A few years ago while in Yarmouth during the fishing season, when many thousands of Scotch fisher folks were there at an open-air service, a fisherman from Boddam told the people it was nineteen years since he had seen me, and he proceeded to tell them of the mighty work of God during our visit. He spoke of the night when eleven young men were saved, and he added, “But some may say ‘Yes, nineteen years ago; but what are they now?’ I am glad to tell you,” said he, “they are today every one of them real godly men, and some of them able preachers of the Gospel.”

Bush and Back Block Preaching


During my sojourn in Victoria, I preached in over a hundred places, from New South Wales till near the South Australian borders and made three long tours up into Gippsland, as far as Orbost on the Snowy River. From what I have seen of the resources of Victoria, I would say without hesitation, that I regard it as a country of limitless possibilities. It has a climate in which every grain and fruit can be grown. What does not suit one part can be grown in another. Every kind of mineral, from gold to coal, is to be found there. It seems to me to be a working man’s paradise, and none need be either hungry or idle who are able and willing to work.

Any person with ability and energy may in a few years, with reasonable industry and thrift, find themselves in comfortable circumstances, if not affluence. We met with many who landed in the country without a pound, and are now worth from £10,000 to £100,000. Victoria’s present need is five million people, and as many more later on. No stranger need fear to come to the Colony, for there are no kinder-hearted people in the world than the Australians. I have nothing but good to say of them. Their kindness and liberality to me had often amounted to lavishness, but this is their character, as I have experienced from place to place.

My wife, who had gone to Australia five months before me, to escape the British winter and stay with her sister in Sydney, rejoined me in Melbourne ten days after my arrival. After my ten missions in Brunswick, we spent a short time at Ocean Grove, a pretty seaboard place, where we had some good meetings and two conversions. From there we went to Healsville, a place of unsurpassed beauty. The hills and glens are simply charming, and the tree ferns, with all their graceful beauty, flow in great luxuriance in the gulleys. Parrots of different kinds, with their lovely plumage, abound. It was in this district that we first saw the Australian blacks, and had the pleasure of preaching to a large congregation of them at Koranderrick Station. They sang well and understood English fairly well. My wife and I were delighted to have the pleasure of preaching to them.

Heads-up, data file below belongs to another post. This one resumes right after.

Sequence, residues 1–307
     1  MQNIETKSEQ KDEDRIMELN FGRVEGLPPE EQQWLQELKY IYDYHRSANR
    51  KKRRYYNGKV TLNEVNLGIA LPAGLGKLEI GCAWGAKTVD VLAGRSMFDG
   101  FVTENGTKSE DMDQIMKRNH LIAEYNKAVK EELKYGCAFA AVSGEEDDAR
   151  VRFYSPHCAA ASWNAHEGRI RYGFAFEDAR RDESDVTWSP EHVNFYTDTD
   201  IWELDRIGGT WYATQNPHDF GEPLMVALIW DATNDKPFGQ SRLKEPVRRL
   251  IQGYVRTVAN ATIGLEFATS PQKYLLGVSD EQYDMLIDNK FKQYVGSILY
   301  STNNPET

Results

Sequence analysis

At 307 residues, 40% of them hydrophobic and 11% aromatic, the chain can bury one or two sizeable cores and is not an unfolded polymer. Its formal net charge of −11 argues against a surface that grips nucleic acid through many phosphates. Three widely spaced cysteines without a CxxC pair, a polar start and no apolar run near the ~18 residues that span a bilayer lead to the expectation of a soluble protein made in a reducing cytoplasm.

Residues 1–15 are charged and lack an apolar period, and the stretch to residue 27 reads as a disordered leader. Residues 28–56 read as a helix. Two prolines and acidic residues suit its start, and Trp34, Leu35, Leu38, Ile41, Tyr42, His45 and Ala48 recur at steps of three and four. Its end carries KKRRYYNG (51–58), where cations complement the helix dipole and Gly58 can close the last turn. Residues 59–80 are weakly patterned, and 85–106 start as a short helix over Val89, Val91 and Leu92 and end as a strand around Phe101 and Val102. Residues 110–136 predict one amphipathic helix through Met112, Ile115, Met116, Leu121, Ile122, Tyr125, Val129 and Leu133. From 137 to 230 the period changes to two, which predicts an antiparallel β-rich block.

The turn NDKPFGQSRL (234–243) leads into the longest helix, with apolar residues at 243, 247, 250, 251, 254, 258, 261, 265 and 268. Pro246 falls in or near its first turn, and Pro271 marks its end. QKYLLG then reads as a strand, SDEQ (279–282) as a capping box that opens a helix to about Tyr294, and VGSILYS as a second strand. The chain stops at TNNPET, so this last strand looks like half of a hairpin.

We then went to Brunswick, and had three weeks meetings in a Baptist Church, in a charge of a real man of God, the Rev. D.J. Graham. He is a faithful and fearless man, a champion for God and the Bible. We then had a time of rich spiritual blessing in Portarlington, a pretty place on the shores of Port Philip, where we greatly enjoyed the Christian fellowship of the Rev J.Gillies, in whom is happily blended the rich graces of a devout Christian with the ripe scholarship of a highly cultured gentleman, a lovely combination rarely found in one person. I owe him much, for he has been to me, a true friend.

We then returned to Melbourne, to labour with one who bore the character of being a godly man. I am glad to say we found him to be what is even better, a man of God. The Rev W.R.Hiddlstone, to whom I refer, has consistently taken a bold and courageous stand against everything that is opposed to God and His Word, and God has greatly blessed him and his family. It is almost unique to find a family of nine, every member of which is true and decided to witness for God and actively interested in the spread of the word of His grace.